Elena Verdugo, one of TV’s first professional Latinas as nurse in ‘Marcus Welby, M.D.’, dies at 92

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When ABC first offered her a role on a upcoming prime-time television show about a warm family practitioner who still made house calls, Elena Verdugo could see where it was all headed.

“They were looking for a Mexican girl,” she recalled. “And I said, ‘Forget it. I’m not playing maids and housekeepers.’ You know, that’s all that they were showing.”

But Consuelo Lopez on “Marcus Welby, M.D.” was a level-headed, no-nonsense nurse and Verdugo jumped at the chance to play the character, slowly retrofitting it into what was one of the first portrayals of a professional Latina in a prime-time television series.


After the first season, she opted to eliminate an opening scene that showed her dutifully serving Dr. Welby a cup of coffee when he strolled into the office. And as time went on, she pushed for her role to more closely resemble the hands-on, front-line work of a skilled nurse, rather than a multi-tasking secretary.

“She was as American as apple pie,” she said of her character in an interview with PBS. “But she had this Mexican — a little bit of fire — beneath it all.”

The show lasted seven seasons and capped a decades-long career for Verdugo that began when she was a teen.

A descendant of early-day Los Angeles settlers, Verdugo died Tuesday in Los Angeles at the age of 92.

Verdugo signed a contract when she was just 15 with 20th Century Fox and attended school in the studio classrooms. She was featured alongside Gene Autry in “The Big Sombrero,” a film about a singing cowboy who is hired as a ranch foreman and then finds himself fighting for the rights of the rancheros. She also appeared opposite Lon Chaney Jr. and Boris Karloff in the horror film “House of Frankenstein,” a monster fest in which Frankenstein, Count Dracula and the Wolf Man team up to seek revenge on their creators’ many collective enemies.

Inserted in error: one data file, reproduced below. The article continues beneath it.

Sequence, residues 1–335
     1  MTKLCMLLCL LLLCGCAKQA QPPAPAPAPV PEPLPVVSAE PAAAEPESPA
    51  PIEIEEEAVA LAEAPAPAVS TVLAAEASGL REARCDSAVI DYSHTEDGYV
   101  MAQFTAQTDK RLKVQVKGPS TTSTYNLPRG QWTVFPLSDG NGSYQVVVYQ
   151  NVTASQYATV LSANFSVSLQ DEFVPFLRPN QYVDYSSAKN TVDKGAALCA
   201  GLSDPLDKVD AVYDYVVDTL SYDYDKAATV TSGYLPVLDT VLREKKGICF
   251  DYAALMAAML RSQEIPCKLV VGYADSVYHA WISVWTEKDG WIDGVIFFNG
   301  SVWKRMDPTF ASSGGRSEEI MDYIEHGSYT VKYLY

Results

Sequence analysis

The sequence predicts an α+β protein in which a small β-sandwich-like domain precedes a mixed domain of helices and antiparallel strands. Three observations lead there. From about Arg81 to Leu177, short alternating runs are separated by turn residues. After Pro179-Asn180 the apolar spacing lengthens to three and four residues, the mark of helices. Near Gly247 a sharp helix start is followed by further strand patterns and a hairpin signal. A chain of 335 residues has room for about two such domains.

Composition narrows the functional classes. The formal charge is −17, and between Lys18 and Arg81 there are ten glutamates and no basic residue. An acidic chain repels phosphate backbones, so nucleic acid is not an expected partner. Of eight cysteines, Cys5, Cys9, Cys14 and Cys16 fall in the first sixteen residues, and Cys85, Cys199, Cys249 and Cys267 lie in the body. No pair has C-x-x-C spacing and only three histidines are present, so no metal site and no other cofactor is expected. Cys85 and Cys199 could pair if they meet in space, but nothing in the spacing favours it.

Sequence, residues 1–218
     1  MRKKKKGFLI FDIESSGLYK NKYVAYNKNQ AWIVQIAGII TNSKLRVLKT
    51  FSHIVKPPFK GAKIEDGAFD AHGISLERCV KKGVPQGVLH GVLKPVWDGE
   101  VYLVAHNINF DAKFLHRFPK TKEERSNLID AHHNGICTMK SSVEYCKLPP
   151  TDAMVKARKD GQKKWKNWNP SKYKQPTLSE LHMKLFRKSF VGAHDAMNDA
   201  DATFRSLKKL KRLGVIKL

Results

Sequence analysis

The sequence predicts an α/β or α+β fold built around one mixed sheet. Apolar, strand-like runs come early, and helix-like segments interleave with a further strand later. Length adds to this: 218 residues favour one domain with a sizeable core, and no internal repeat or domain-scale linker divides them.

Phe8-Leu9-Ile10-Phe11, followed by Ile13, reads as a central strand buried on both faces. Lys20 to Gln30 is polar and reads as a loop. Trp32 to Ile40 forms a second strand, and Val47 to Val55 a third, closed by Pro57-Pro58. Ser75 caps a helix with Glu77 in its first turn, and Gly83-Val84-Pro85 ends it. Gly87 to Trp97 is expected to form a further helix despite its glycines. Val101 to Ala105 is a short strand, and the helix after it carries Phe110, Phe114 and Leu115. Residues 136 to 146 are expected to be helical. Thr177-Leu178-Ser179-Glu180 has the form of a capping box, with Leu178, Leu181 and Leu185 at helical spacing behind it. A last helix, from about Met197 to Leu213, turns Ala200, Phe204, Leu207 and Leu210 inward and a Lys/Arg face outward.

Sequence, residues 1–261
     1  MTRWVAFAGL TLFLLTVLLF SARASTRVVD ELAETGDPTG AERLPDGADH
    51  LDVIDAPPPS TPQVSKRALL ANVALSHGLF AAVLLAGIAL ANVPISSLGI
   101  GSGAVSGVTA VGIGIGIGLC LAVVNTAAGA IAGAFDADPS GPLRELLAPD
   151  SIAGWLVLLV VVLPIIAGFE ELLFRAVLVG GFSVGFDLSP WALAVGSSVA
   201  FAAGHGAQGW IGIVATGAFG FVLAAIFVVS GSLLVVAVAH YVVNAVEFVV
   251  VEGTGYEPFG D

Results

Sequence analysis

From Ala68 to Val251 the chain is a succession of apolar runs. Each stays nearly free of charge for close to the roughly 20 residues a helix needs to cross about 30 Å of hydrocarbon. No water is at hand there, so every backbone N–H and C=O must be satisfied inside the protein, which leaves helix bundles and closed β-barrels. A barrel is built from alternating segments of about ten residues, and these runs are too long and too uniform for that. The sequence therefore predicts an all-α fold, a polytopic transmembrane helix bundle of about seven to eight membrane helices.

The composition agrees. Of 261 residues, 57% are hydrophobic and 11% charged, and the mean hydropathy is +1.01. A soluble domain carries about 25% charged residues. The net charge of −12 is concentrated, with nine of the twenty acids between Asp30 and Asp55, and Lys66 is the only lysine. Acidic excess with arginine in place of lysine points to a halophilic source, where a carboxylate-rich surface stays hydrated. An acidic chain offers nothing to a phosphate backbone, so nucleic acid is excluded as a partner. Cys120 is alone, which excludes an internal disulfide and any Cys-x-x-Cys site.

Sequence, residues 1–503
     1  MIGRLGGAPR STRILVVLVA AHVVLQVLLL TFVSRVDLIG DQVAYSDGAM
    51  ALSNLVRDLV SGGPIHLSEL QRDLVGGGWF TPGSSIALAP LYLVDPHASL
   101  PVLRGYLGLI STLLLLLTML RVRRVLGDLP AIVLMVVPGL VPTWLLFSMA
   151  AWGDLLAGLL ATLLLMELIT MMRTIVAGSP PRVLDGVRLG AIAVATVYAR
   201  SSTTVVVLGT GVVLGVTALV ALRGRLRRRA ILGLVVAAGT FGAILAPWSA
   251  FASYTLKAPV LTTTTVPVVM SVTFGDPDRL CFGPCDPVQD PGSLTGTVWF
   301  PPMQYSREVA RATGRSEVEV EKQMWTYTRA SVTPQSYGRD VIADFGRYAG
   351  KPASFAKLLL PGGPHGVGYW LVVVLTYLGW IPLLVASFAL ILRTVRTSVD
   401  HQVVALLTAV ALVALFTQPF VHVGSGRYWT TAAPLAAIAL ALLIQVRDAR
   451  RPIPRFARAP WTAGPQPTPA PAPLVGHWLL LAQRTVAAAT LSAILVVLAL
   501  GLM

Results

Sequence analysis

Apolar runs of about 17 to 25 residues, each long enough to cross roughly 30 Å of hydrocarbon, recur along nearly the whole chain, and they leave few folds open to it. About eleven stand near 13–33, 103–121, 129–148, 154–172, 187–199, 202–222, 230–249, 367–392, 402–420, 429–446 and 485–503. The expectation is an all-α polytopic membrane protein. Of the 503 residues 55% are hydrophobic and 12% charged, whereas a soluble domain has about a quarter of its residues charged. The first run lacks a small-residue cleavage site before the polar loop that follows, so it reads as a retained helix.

She achieved broader fame in the television version of the CBS radio comedy “Meet Millie” in 1952, and took over the radio role the following year. She told The Times that she earned $300 a week, and worked nearly year-round.


The television show lasted four seasons and opened a pathway for other movies and television roles — a singer in the musical comedy “Panama Sal,” a widowed sister in “The New Phil Silvers Show,” an employee in the complaint department at an L.A. department store in “Many Happy Returns.”

Playing alongside Robert Young and James Brolin, her role as Nurse Lopez was her longest-running character and brought her squarely into America’s living rooms. She was twice nominated for an Emmy for the role.

Born April 20, 1925, in Paso Robles, Verdugo was very much a daughter of Los Angeles. Her ancestors, she said, once held the Spanish land grant for more than 36,000 acres of grass lands, a region then known as Rancho San Rafael and now by the lineup of cities that sprouted up on the acreage — Burbank, Glendale, Montrose, La Canada Flintridge.

Verdugo donated the land deeds and other artifacts from the ranch land to the Glendale Public Library in 1994. The property itself long ago slipped from the family’s hands, though the family name is firmly stamped in the area on street signs, city pageants and entire subdivisions.

“Too bad they weren’t such good businessmen,” she joked in an interview with the Daily News.


Actress Sharon Gless, who was part of the “Marcus Welby, M.D.” cast until landing starring roles on dramas such as “Cagney & Lacey” and “The Trials of Rosie O’Neill,” said Verdugo was defined by her unbridled sense of humor.

“She is probably the most innately funny person I’ve ever met.”

Gless said she first met Verdugo when she was 14, after the actress found a red wallet the young girl had lost. Gless said she reminded Verdugo of that chance meeting years later when they were reunited on the “Marcus Welby” set.

Gless said they remained friends for life, chatting by phone every Sunday.

Pam Smith said her stepmother was as casual and nonchalant in discussing her Hollywood career or impressive ancestry as someone recounting old high school memories.

“I’d take her to lunch and she’d say, ‘Oh, that street’s named for my mother’ or that’s named for whomever. Or we’d be watching television and an ad would come on, like a Depends ad or something, and she’d say ‘Oh I remember that person.’

“She was just a very fun person to be around.”

Verdugo is survived by her stepdaughter; two grandchildren, Jessie and Maggie; and a great-grandson, Duncan. She was preceded in death by a son, Richard, and her husband, Charles Rosewall. An earlier marriage to screenwriter Charles Marion ended in divorce.